Humanity's Rite of Passage

Chandra Pulsar Hand

UPDATE: Michael Dowd and Connie Barlow riffed on this topic as the title of their episode of their NEW WEEKLY PODCAST series, "America's Evolutionary Evangelists," launched August 13, 2009.  You can listen to that podcast online, or subscribe to the free RSS feed.

Until recently, answers to life's biggest questions ("How was that mountain or ocean or everything created?" "What's real and what matters most?") and access to life's most cherished and important emotional states (trust when I think about the future, gratitude when I think about the past, inspiration to be in action in the moment no matter what chaos may come my way, comfort in times of sorrow or grief, etc)—for 99% of human history these fundamental benefits (what I call "core bennies") could only be obtained via mythic, dream-like, pre-natural stories. Now, for the first time in human history, we have meaningful answers to life's biggest questions and access to life's most cherished emotional states via measurable knowledge that can unite us rather than mythic beliefs that so often divide us. I predict that this fact will be among the most significant factors helping humanity survive its rite of passage into adulthood.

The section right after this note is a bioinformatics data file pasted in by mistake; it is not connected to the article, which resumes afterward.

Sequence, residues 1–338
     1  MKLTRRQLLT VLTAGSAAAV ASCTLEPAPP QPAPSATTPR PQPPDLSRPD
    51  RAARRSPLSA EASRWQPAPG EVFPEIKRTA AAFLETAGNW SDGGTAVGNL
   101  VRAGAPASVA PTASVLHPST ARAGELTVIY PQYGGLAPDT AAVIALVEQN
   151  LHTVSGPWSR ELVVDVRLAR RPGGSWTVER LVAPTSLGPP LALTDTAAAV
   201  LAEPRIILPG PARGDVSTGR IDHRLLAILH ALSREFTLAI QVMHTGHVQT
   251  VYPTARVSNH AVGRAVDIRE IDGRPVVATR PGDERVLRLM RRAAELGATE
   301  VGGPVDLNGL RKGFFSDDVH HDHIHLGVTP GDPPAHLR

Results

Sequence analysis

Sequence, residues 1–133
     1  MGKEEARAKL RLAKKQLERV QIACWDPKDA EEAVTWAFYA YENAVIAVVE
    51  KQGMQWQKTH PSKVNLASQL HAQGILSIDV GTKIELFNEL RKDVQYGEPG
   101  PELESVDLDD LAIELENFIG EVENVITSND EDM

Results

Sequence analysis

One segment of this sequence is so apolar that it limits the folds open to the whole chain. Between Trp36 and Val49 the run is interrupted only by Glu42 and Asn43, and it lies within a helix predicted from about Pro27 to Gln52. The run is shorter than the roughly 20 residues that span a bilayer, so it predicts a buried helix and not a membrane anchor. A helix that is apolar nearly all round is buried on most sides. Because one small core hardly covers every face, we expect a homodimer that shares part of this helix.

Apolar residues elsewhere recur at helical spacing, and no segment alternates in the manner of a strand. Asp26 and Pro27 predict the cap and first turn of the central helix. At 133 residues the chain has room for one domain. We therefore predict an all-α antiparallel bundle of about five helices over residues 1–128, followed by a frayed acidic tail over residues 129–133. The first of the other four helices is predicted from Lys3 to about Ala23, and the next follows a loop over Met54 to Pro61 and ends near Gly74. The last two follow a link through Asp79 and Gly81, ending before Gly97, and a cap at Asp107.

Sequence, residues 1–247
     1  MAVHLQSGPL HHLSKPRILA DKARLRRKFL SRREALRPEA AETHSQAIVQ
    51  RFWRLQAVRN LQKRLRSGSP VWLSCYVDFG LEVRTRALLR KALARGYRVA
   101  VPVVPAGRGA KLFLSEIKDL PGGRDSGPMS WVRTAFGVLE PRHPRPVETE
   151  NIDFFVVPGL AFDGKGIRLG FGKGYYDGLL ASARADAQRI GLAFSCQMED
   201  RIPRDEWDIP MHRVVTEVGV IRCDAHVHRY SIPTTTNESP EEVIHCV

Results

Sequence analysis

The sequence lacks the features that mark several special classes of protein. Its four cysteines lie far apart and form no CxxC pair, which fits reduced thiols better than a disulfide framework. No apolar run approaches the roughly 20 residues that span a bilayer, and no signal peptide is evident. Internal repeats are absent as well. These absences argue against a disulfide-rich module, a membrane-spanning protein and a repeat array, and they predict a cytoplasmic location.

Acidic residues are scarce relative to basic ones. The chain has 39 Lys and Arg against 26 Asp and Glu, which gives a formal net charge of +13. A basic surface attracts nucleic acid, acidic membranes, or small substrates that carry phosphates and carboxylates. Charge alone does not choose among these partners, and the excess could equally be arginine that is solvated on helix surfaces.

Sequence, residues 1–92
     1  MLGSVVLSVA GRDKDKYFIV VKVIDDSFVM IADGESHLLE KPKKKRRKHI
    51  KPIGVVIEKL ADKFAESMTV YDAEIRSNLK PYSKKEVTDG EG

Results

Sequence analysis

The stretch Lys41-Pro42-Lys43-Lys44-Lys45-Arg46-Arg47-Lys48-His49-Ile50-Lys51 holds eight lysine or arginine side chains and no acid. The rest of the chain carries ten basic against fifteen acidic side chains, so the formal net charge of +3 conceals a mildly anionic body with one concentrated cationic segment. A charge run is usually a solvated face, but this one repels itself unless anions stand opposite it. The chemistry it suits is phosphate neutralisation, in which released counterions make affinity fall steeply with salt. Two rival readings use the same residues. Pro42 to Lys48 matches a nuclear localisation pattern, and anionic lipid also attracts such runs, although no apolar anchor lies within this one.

Two transformations in thinking are essential, it seems to me, to the process of maturing from childhood, through adolescence, to adulthood. The first is shifting from thinking that the world was made for us to celebrating that we were made for the world. The second is moving from belief-based views of the world to knowledge-based understandings informed by evidence, experience, and the perspectives of others. Most of us have navigated these two shifts in our own process of maturation.

As children we naturally think the world centers around us. As adults (assuming we mature in a healthy way) we quickly recognize that our own happiness and joy is largely determined by our impact on others and on the world around us. More, our success in life is largely judged by history—that is, by the legacy we leave.

Similarly, as children our beliefs are given to us by trusted elders. Evolution would have it no other way. As adults, however, we gain a wider perspective and come to realize that our personal understandings and interpretations of reality are not the only viable ones, and that we can benefit enormously from taking into consideration the viewpoints of others, especially those outside our in-group. Real knowledge, real intelligence, is a collective endeavor.

Much of the chaos that we are experience in our world today stems from the fact that, collectively, as groups and as a species, we're smack in the middle of making these two shifts. Ironically, it's the New Atheists who are playing a prophetic role of calling religious people, and religion in general, to "get right with reality."  I'll say more about this in future posts.